Question: In what circumstances does the law make rash or negligent driving of any vehicle punishable as an offense under the Indian Penal Code? Discuss the difference between criminal rashness and criminal negligence. Find the answer to the mains question only on Legal Bites. [In what circumstances does the law make rash or negligent driving of any vehicle… Read More »

Question: In what circumstances does the law make rash or negligent driving of any vehicle punishable as an offense under the Indian Penal Code? Discuss the difference between criminal rashness and criminal negligence. Find the answer to the mains question only on Legal Bites. [In what circumstances does the law make rash or negligent driving of any vehicle punishable as an offence under the Indian Penal Code? Discuss the difference between criminal rashness and...

Question: In what circumstances does the law make rash or negligent driving of any vehicle punishable as an offense under the Indian Penal Code? Discuss the difference between criminal rashness and criminal negligence.

Find the answer to the mains question only on Legal Bites. [In what circumstances does the law make rash or negligent driving of any vehicle punishable as an offence under the Indian Penal Code? Discuss the difference between criminal rashness and criminal negligence.

Answer

Section 279 makes Rash driving or riding on a public way punishable— Whoever drives any vehicle, or rides, on any public way in a manner so rash or negligent as to endanger human life, or to be likely to cause hurt or injury to any other person, shall be punished with imprisonment of either description for a term which may extend to six months, or with fine which may extend to one thousand rupees, or with both.

Section 279 deals with rashness and negligent driving of a vehicle or riding on a public way in a rash and negligent manner, as to endanger human life or likely to cause hurt or injury to any person. In order to constitute an offense punishable under s 279, IPC, it must be established that:

  1. the accused was driving the vehicle on a public way;
  2. such driving was done in a rash and negligent manner to endanger human life or likely to cause hurt or injury to another person.

The criminality lies in running the risk of doing such an act with recklessness or indifference as to the consequences. Rash and negligence must be criminal rashness or criminal negligence. It must be more than mere carelessness or error of judgment. For conviction under the section, it must be proved that the accused was driving the vehicle on a public road in a manner that endangered human life or was likely to cause hurt or injury to any other person.

In Duli Chand v. Delhi Administration [AIR 1975 SC 1960] when the driver of a bus, who, although was driving at a moderate speed, failed to look to his right before turning at a cross-road and consequently ran over a cyclist, it was held that the driver was guilty of negligence.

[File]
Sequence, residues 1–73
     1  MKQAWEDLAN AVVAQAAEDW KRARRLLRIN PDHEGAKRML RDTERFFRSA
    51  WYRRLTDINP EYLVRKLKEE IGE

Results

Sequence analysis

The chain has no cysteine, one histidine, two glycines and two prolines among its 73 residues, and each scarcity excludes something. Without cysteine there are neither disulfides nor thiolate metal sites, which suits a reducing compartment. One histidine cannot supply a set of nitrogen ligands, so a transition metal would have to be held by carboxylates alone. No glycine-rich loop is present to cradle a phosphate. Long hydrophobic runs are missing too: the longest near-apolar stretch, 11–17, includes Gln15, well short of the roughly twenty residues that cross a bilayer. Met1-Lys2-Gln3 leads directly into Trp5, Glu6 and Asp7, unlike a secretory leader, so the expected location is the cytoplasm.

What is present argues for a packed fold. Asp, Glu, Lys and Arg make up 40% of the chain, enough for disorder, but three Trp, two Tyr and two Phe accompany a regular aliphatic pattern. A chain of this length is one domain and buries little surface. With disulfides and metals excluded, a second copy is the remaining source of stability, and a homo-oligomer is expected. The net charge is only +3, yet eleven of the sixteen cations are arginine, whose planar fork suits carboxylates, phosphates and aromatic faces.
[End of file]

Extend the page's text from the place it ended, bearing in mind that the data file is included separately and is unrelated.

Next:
The difference between culpable rashness and culpable negligence is this: Culpable rashness is acting with the consciousness that mischievous and illegal consequences may follow, but with the hope, they will not, and often with the belief that the actor has taken sufficient precautions to prevent their happening.

The imputability arises despite the consciousness. Culpable negligence is acting without the consciousness that illegal and mischievous results will follow, but in circumstances which show that the actor has not exercised the caution incumbent upon him, and that, if he had, he would have had the consciousness. The imputability arises from the neglect of the civil duty of circumspection.

The distinction between the two has thus been pointed out by Lord Esher MR, in Le Neve v. Gould [[1898] 1 QB 491] The question of liability for negligence cannot arise at all until it has been established that the man, who has been negligent, owed some duty to the person who seeks to make him liable for his negligence.

A man is entitled to be negligent as he pleases toward the whole world if he owes no duty to them. If one man is near to another or is near to the property of another, a duty lies upon him not to do that which may cause a personal injury to that other or may injure his property.

For instance, if a man is driving along a road, it is his duty not to do that, which may injure another person whom he meets on the road or his horse or his carriage. In the same way, it is the duty of a man not to do that, which will injure the house of another to which he is near.

If a man is driving on Salisbury Plain and no other person is near him, he is at liberty to drive as fast or recklessly as he pleases. But if he sees another carriage coming to him, immediately a duty arises not to drive in such a way as is likely to cause an injury to that other carriage. So, too, if a man is driving along a street in a town, a similar duty-not to drive carelessly – arises out of contiguity or neighbourhood.


Important Mains Questions Series for Judiciary, APO & University Exams

  1. IPC Mains Questions Series Part I: Important Questions
  2. IPC Mains Questions Series Part II: Important Questions
  3. IPC Mains Questions Series Part III: Important Questions
  4. IPC Mains Questions Series Part IV: Important Questions
  5. IPC Mains Questions Series Part V: Important Questions
  6. IPC Mains Questions Series Part VI: Important Questions
  7. IPC Mains Questions Series Part VII: Important Questions
  8. IPC Mains Questions Series Part VIII: Important Questions
  9. IPC Mains Questions Series Part IX: Important Questions
  10. IPC Mains Questions Series Part X: Important Questions
Updated On 2021-07-18T11:43:33+05:30
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